The two best known Canadiennes, the only ones known outside the Province, are both, significantly, women from old families, with some means. Renée Geoffrion Vautelet served on a provincial economic commission, appointed by Premier Godbout, and made an excellent report on women at work. She has been a vigorous campaigner for the Liberal Party. In 1946, she outlined the discussion on Mandates and Minorities at the Niagara Falls meeting of the Carnegie Foundation for World Peace through the Churches. Now she runs the Canadian Association of Consumers, trying to persuade women to realize the power they, hold through being housewives, doing the buying for the families of the nation. Whether she is climbing Mont Blanc, arguing with premiers, or writing science fiction, she is dynamic, self-possessed, and intelligent.

Madame Therèse Casgrain is a grande dame without a trace of snobbishness, who has fought for neglected children and textile strikers with equal fervour, irritated the Liberals by her nationalism and the Nationalists by her liberalism, and ended up leader of the faintly socialist CCF in Quebec. She has bullied her society friends into working for child welfare and women's rights; she has cajoled bishops and premiers, calling on beauty and social position and wit to drive for emancipation of her sex. She enraged English Canadian women by her Non vote in the plebiscite on conscription, while encouraging - a not unheard-of attitude in Quebec, which does not take kindly to coercion from Ottawa. She assails British imperialism, and accepts .an O.B.E. Those most exasperated by her inconsistencies continue to regard her with affection; her enemies quote with relish her latest wisecrack. A consummate wire-putter and lobbyist, no suspicion of corruption has ever touched her: Whoever reckons up. the slow progress of French Canadian women toward the . freedom and respect they have never known, must give full credit to Thérèse Forget Casgrain. In the dirt and turmoil of Quebec politics, she has shone a gay and gallant figure.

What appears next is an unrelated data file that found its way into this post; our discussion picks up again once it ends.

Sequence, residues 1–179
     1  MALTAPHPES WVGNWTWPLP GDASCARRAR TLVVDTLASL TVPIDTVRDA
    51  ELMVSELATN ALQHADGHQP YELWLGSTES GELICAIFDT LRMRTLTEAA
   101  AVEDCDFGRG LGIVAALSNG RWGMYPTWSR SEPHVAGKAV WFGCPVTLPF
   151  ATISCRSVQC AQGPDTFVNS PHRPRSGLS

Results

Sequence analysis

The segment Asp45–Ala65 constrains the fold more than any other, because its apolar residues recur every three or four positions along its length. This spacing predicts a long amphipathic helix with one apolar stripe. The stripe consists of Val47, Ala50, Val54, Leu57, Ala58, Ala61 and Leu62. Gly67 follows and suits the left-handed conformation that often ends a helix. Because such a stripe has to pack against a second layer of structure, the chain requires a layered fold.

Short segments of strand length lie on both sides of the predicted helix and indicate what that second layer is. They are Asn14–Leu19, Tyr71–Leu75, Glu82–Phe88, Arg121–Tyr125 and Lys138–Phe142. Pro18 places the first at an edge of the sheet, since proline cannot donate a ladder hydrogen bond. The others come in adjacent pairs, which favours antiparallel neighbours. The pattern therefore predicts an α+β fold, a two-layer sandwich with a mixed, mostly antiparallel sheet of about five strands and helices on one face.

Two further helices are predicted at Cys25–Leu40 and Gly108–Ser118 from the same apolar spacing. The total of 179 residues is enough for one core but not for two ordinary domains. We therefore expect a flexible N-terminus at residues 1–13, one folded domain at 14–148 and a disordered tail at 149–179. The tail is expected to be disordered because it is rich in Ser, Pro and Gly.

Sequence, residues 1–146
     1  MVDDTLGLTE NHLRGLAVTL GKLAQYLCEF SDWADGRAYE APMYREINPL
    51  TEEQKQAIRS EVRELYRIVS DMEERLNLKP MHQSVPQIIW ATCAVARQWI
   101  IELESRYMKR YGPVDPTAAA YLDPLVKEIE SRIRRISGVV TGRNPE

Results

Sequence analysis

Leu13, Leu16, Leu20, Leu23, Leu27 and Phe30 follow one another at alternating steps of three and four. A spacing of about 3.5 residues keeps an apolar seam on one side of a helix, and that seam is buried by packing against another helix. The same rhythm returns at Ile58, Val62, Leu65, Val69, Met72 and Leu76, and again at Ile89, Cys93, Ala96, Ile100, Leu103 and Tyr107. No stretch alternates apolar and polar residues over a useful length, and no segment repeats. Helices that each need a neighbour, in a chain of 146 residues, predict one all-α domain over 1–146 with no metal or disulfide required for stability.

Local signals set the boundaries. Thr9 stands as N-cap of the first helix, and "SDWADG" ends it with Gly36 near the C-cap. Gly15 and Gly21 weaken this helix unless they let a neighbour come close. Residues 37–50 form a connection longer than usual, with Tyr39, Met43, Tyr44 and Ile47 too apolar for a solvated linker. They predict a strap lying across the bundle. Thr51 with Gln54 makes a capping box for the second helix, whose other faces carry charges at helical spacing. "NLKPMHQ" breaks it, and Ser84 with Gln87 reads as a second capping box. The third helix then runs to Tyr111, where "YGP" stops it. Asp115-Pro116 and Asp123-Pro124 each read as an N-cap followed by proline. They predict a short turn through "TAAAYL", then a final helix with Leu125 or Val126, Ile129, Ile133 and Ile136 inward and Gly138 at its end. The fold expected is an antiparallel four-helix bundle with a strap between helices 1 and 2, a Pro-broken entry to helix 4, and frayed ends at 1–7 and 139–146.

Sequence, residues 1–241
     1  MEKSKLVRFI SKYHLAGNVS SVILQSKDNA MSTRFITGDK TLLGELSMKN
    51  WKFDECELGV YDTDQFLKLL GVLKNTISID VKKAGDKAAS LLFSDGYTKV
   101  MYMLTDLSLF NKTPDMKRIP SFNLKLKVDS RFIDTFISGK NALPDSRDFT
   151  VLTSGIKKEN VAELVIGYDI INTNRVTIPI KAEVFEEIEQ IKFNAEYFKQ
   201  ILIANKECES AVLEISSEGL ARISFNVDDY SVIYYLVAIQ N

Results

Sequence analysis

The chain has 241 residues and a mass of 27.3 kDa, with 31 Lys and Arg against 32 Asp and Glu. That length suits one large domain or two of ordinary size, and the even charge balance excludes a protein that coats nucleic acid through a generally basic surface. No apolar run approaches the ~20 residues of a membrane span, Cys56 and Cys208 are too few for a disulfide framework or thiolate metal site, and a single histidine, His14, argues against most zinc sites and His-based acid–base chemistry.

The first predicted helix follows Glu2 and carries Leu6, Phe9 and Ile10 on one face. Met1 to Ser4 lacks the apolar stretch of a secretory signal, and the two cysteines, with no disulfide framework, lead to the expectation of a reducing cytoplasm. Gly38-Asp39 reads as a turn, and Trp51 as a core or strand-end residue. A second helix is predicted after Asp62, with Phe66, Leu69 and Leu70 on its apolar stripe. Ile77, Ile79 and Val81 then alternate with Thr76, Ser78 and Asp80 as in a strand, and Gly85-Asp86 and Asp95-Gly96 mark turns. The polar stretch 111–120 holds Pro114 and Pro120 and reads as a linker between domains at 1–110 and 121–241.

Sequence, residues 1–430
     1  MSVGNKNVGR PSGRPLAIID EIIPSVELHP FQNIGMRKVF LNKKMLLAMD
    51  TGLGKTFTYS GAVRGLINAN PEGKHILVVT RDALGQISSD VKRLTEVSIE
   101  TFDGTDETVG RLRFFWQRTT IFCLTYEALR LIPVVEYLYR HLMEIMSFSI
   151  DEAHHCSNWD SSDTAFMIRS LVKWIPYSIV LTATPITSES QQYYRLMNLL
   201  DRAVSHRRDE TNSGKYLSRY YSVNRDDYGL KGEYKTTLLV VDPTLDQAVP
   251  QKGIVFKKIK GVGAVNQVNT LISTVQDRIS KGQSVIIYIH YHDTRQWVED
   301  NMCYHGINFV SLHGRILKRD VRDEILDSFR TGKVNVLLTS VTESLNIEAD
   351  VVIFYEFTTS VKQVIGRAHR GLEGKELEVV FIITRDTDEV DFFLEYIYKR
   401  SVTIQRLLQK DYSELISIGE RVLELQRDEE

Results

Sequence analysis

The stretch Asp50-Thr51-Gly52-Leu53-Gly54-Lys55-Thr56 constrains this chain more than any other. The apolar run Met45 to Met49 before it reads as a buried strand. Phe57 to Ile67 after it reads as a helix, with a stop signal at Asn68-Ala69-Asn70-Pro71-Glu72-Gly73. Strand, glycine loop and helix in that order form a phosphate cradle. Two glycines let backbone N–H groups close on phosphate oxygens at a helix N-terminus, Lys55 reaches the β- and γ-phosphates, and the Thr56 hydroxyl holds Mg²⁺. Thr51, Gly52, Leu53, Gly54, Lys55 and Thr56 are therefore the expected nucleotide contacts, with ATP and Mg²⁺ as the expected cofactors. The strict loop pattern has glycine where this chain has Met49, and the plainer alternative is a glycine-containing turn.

But the surge that wins the victory must come from below, from the rural teachers who stick by their union; from the farm wife who tries to keep her daughter in school until she is fourteen, "so she can do better than I have"; from the girl in industry who hides her wedding-ring lest she lose her job, and secretly joins the union; froth the department store clerk who helps win a strike for better wages; from the nuns who now go out to vote in elections, if at no other time. There are great reservoirs of ability in French Canadian' women, which have never been fully used. When they are, it will be a fairer day in Quebec.

Source: Miriam CHAPIN, Quebec Now, Toronto, The Ryerson Press, 1955, pp. 96-108.

© 2000 Claude Bélanger, Marianopolis College